Offers of international support poured in. Gulf Arab states, who in the past were major financial supporters of Lebanon but recently stepped back because of what they say is Iranian meddling, sent planes with medical equipment and other supplies. Iran offered food and a field hospital, ISNA news agency said.
The United States, Britain, France and other Western nations, which have been demanding political and economic change in Lebanon, also offered help. Germany, the Netherlands and Cyprus offered specialized search and rescue teams.
Two French planes were expected to arrive on Thursday with 55 rescuers, medical equipment and a mobile clinic. French President Emmanuel Macron will also visit Lebanon on Thursday. Other Arab and European countries are sending doctors, mobile hospitals and equipment.

For many it was a dreadful reminder of the 1975-1990 civil war that tore the nation apart and destroyed swathes of Beirut, much of which had since been rebuilt.
“This is a catastrophe for Beirut and Lebanon.” Beirut’s mayor, Jamal Itani, told Reuters while inspecting damage.
Officials did not say what caused the initial blaze at the port that set off the blast. A security source and media said it was started by welding work being carried out on a warehouse.
Taxi driver Abou Khaled said ministers “are the first that should be held accountable for this disaster. They committed a crime against the people of this nation with their negligence.”
The port district was left a tangled wreck, disabling the nation’s main route for imports needed to feed a nation of more than 6 million people.
Lebanon has already been struggling to house and feed refugees fleeing conflict in neighboring Syria and has no trade or other ties with its only other neighbor Israel.
“On a scale, this explosion is scaled down from a nuclear bomb rather than up from a conventional bomb,” said Roland Alford, managing director of British explosive ordnance disposal firm Alford Technologies. “This is huge.”
The blast prompted the Special Tribunal for Lebanon on Wednesday to postpone its verdict in the trial over the 2005 bombing that killed ex-Prime Minister Rafik Al-Hariri to Aug. 18. The tribunal’s decision had been expected this Friday.
The UN-backed court put on trial four suspects from the Iranian-backed Shiite Muslim group Hezbollah. Hariri and 21 others were killed by a big truck bomb on another part of the Beirut waterfront, about 2 km (about one mile) from the port.


Lebanon finds four bodies after deadly sea crossing

Updated 21 September 2020

Lebanon finds four bodies after deadly sea crossing

  • UN peacekeepers retrieved one body and rescued 36 people from a boat in trouble in international waters off the Lebanese coast
  • Families of the survivors said the boat had been adrift without food or water for around a week
BEIRUT: Lebanon has retrieved the bodies of four people including a child after they tried to flee the crisis-hit country by sea on an overloaded dinghy, the civil defense said Monday.
A week ago, UN peacekeepers retrieved one body and rescued 36 people from a boat in trouble in international waters off the Lebanese coast.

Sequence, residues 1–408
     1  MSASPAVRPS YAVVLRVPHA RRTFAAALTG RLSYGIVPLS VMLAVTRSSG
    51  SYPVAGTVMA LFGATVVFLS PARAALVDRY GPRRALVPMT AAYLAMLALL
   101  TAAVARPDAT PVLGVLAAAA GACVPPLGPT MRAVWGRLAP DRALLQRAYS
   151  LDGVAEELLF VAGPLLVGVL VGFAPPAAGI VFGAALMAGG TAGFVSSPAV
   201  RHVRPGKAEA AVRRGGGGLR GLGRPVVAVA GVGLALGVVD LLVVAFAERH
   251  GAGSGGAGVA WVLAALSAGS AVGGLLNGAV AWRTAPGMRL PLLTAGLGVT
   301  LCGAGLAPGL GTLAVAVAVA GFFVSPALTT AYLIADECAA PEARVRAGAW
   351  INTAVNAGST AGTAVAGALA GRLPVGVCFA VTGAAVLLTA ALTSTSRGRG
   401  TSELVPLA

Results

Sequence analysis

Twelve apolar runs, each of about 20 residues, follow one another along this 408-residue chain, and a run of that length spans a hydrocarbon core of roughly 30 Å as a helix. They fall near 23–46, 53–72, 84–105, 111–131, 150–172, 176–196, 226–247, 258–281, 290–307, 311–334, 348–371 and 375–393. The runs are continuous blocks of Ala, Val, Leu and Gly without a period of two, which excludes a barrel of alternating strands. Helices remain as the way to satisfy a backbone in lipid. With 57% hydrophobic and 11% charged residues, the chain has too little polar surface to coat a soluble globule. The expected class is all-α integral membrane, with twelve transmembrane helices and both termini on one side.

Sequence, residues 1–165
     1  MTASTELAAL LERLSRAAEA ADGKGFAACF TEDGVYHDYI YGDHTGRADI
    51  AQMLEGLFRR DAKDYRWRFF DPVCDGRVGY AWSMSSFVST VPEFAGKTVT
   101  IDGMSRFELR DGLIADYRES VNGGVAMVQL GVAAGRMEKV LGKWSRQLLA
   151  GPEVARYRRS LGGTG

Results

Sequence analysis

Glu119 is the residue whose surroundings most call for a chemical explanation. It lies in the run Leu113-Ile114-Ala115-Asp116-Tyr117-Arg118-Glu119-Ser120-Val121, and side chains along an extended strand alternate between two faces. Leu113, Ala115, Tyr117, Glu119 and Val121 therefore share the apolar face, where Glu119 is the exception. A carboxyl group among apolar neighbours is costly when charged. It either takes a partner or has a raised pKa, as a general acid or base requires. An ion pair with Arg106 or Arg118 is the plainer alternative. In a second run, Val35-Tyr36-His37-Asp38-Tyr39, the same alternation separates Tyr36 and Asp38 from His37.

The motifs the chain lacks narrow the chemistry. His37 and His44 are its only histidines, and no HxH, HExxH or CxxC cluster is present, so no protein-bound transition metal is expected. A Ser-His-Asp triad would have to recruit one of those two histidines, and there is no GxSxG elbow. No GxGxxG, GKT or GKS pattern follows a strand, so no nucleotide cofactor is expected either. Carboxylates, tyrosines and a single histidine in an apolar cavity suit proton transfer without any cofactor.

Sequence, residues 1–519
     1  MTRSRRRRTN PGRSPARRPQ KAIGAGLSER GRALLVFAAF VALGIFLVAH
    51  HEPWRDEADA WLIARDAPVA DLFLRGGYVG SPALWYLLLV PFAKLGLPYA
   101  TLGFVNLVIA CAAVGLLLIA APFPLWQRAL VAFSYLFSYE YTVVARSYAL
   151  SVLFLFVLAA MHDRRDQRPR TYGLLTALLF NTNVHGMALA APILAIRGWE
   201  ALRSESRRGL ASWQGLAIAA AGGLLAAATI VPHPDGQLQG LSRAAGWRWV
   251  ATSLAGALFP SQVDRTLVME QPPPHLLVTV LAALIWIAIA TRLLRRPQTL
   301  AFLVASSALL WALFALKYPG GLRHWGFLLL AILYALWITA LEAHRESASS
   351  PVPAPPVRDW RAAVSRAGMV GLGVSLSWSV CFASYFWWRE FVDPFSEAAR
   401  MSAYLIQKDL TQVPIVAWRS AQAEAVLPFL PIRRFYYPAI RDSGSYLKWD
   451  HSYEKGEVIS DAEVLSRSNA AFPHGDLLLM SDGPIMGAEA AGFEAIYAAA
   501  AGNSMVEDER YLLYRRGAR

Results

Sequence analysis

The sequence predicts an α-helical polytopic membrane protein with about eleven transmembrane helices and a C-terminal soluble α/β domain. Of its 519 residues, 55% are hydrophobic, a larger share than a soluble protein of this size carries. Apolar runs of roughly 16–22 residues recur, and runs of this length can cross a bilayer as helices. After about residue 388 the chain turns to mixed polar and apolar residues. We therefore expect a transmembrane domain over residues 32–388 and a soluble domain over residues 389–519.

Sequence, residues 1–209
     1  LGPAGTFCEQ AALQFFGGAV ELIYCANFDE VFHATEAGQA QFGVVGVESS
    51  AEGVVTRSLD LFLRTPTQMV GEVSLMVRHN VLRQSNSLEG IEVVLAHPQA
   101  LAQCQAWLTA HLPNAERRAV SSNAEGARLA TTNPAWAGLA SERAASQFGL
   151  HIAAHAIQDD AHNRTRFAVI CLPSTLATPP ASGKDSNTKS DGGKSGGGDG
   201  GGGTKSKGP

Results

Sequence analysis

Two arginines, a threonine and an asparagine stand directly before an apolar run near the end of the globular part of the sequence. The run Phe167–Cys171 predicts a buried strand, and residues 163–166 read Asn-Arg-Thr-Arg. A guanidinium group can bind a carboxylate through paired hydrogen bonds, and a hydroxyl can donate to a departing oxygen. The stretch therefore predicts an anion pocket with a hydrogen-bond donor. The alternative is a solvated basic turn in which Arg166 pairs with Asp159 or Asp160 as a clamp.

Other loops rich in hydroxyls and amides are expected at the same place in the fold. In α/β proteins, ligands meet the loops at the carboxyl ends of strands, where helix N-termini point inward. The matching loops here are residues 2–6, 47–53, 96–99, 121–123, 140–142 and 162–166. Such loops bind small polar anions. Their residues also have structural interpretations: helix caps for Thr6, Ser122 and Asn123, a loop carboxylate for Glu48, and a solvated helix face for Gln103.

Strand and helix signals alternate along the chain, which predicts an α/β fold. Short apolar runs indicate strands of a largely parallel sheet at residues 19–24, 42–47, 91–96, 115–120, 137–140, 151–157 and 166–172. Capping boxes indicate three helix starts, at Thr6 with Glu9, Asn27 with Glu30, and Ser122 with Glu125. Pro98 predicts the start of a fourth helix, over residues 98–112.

Families of the survivors said the boat had been adrift without food or water for around a week, during which time several passengers had died or jumped overboard to find help.
The bodies are presumed to be from the same ill-fated crossing.
Since Friday, “we have retrieved four bodies — belonging to two Lebanese, one of whom was a child, a young Indian man and a Syrian man,” Samir Yazbek, the head of the civil defense’s sea rescue unit, told AFP.
The bodies were found in four separate locations off the north and south coasts of the country, and the search was ongoing, he added.
The UN refugee agency said last week that 25 Syrians, eight Lebanese and three people of other nationalities had been rescued from the boat.
It is unclear how many men, women and children originally clambered aboard the dinghy, and therefore how many are still missing.
On Saturday, the navy said it would step up its searches within and outside Lebanon’s territorial waters to find any other victims.
Relatives of those who went missing from the impoverished north Lebanese city of Tripoli say the people smuggler involved in the crossing has dropped off the radar since the tragedy.
They have filed three legal complaints against the man, who they say is a well-known figure in the community.
A military source on Saturday said a person acting as an intermediary between passengers and the boat owner had been arrested.
In recent weeks, dozens of Lebanese and Syrians have tried to make the perilous sea journey from Lebanon to the Mediterranean island of Cyprus, authorities on both sides say.
The Republic of Cyprus, a European Union member, lies just 160 kilometers (100 miles) away.
Lebanon is in the throes of its worst economic crisis in decades, compounded since February by the novel coronavirus pandemic.
It is also reeling from a monster blast at Beirut’s port last month that killed more than 190 people, ravaged large parts of the capital and reignited public anger against the political class.